How Incorrect Takeoff Information Precipitated The Crash Of MK Airways Flight 1602

How Incorrect Takeoff Information Precipitated The Crash Of MK Airways Flight 1602

MK Airways flight 1602 was a routine cargo rotation between Windsor Locks-Bradley Worldwide Airport (BDL) and Zaragoza Airport (ZAZ) in Spain, with an intermediate cease at Halifax Stanfield Worldwide Airport (YHZ) in Nova Scotia, Canada.

On the fateful day, the primary leg (BDL – YHZ) of the journey was uneventful earlier than the plane was loaded with further cargo and gas for the transatlantic leg to Zaragoza. Minutes later, the jumbo-jet initiated the takeoff roll, however when the pilots raised the nostril to climb, the remainder of the airplane did not comply with swimsuit.


The plane gave the impression to be too heavy for the set takeoff configuration. The freighter did not grow to be airborne in time to clear the airport embankment, simply meters from the top of the runway. The tail part broke off because it got here involved with the berm, bringing the airplane down and killing all seven members of the crew.


The flight crew was comprised of a captain, a primary officer, a flight engineer, a floor engineer, and a load grasp. A set of reduction pilots have been additionally onboard because of the nature of the four-sector journey between Europe and North America. MK Airways required its flight crew to work a 24-hour work shift with as much as 18 hours within the air, which was almost twice as a lot because the aviation trade norm.

The load grasp was chargeable for overseeing onboard cargo load, and offering load sheets to the pilots for takeoff configuration. On the time, MK Airways had just lately transitioned from a handbook configuration course of to a computerized Boeing-fitted software referred to as the Boeing Laptop computer Software (BLT).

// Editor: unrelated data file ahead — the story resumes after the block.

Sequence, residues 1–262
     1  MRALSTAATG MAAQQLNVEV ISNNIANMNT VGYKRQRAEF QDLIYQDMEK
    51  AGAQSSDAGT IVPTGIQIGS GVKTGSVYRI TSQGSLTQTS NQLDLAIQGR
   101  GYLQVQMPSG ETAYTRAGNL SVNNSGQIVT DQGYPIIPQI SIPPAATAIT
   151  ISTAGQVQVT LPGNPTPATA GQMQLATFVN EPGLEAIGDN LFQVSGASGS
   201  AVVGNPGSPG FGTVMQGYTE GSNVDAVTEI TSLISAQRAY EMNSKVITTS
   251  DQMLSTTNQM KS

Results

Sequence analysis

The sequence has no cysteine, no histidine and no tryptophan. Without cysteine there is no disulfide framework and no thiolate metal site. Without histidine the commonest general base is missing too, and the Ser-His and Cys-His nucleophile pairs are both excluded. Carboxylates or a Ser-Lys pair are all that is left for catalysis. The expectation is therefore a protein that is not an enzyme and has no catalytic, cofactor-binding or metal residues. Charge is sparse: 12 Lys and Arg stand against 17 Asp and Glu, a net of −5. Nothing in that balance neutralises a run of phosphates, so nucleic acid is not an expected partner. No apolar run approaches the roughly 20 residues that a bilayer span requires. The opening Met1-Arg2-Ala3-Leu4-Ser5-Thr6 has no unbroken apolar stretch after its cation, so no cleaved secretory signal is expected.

The BLT required pilots to enter deliberate plane configuration from the load sheet and calculate takeoff parameters. The applying would return engine strain ratio (EPR) and V-speed calculations required for takeoff. The applying additionally allowed pilots to print BLT-generated information playing cards for the takeoff process.

Unfolding of occasions

The primary leg of the journey between Bradley and Halifax had commenced at a a lot lighter takeoff weight of 530,000 lb (240,000 kg). As a consequence of having a partial cargo load and simply sufficient gas for a 1-hour hop to Halifax, pilots had calculated a de-rated (lowered thrust) takeoff configuration within the BLT.

Throughout the stopover, 116,600 lb (53,000 kg) of seafood was loaded onto the plane. Accounting for the extra gas load, the plane weighed a complete of 776,600 lb (353,000 kg). Ideally, the pilots would enter the up to date plane configuration from the load sheet into the BLT to calculate new takeoff parameters for the transatlantic leg. The desk beneath exhibits plane configuration for 2 completely different thrust circumstances.

De-rated Thrust Most Thrust
Flight leg Bradley (BDL) – Halifax (YHZ) Halifax (YHZ) – Zaragoza (ZAZ)
Takeoff weight 240 metric tonnes 353 metric tonnes
Engine Strain Ratio (EPR) 1.31 1.60
Rotation velocity (VR) 129 knots (148 mph/239 kph) 162 knots (186 mph/300 kph)
Secure climb-out velocity (V2) 137 knots (158 mph/253 kph) 168 knots (193mph/311 kph)

Whereas the load sheet had been up to date by the load grasp, the brand new (most thrust) configuration by no means made it into the BLT. Furthermore, MK Airways’ procedures prevented using BLT-generated takeoff playing cards, however as an alternative required pilots to manually write takeoff parameters from the BLT display screen to the handwritten playing cards.


Investigation revealed that because the BLT was by no means up to date with the brand new configuration, the de-rated takeoff parameters from the earlier flight have been copied into the handwritten takeoff playing cards. Investigators additionally famous that the inaccurate parameters may have been caught by checking plane weights on the BLT-generated playing cards.

The tail of the Boeing 747-200F scrapped the grass on the finish of the runway earlier than putting the airport berm. Photograph: TSB Canada

Because of MK Airways’ work shift insurance policies, the pilots had been on responsibility for over 19 hours on the time of the accident. Furthermore, the bottom engineer and the load grasp had been working for over 45 hours straight.

Crew fatigue, mixed with low visibility takeoff circumstances, prevented the pilots from recognizing insufficient takeoff efficiency. All in all, company recklessness made the accident inevitable, and a hefty value was paid by the seven crew members on board.

What’s the longest (aviation-related) shift you may have labored? Inform us within the feedback part.

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